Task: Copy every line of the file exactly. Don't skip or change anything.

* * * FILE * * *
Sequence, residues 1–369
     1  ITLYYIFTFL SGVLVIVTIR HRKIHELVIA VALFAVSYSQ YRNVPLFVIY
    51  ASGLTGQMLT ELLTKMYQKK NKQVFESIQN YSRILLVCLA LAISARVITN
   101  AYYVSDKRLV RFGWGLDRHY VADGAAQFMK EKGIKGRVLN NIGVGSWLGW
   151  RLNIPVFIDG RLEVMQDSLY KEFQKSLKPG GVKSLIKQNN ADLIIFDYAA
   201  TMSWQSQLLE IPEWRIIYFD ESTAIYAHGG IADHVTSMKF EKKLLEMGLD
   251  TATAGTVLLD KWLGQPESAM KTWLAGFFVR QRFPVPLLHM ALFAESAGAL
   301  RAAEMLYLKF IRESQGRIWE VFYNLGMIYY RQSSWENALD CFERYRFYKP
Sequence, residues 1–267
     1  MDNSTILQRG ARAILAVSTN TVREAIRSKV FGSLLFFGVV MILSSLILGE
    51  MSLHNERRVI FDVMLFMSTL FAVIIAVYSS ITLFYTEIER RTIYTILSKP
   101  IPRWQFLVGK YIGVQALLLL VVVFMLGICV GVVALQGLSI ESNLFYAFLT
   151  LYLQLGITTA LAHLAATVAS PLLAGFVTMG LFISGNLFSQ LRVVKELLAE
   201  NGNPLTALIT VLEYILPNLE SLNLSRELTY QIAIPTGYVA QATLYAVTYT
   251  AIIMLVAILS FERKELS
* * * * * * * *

Sequence, residues 1–369
     1  ITLYYIFTFL SGVLVIVTIR HRKIHELVIA VALFAVSYSQ YRNVPLFVIY
    51  ASGLTGQMLT ELLTKMYQKK NKQVFESIQN YSRILLVCLA LAISARVITN
   101  AYYVSDKRLV RFGWGLDRHY VADGAAQFMK EKGIKGRVLN NIGVGSWLGW
   151  RLNIPVFIDG RLEVMQDSLY KEFQKSLKPG GVKSLIKQNN ADLIIFDYAA
   201  TMSWQSQLLE IPEWRIIYFD ESTAIYAHGG IADHVTSMKF EKKLLEMGLD
   251  TATAGTVLLD KWLGQPESAM KTWLAGFFVR QRFPVPLLHM ALFAESAGAL
   301  RAAEMLYLKF IRESQGRIWE VFYNLGMIYY RQSSWENALD CFERYRFYKP
Sequence, residues 1–267
     1  MDNSTILQRG ARAILAVSTN TVREAIRSKV FGSLLFFGVV MILSSLILGE
    51  MSLHNERRVI FDVMLFMSTL FAVIIAVYSS ITLFYTEIER RTIYTILSKP
   101  IPRWQFLVGK YIGVQALLLL VVVFMLGICV GVVALQGLSI ESNLFYAFLT
   151  LYLQLGITTA LAHLAATVAS PLLAGFVTMG LFISGNLFSQ LRVVKELLAE
   201  NGNPLTALIT VLEYILPNLE SLNLSRELTY QIAIPTGYVA QATLYAVTYT
   251  AIIMLVAILS FERKELS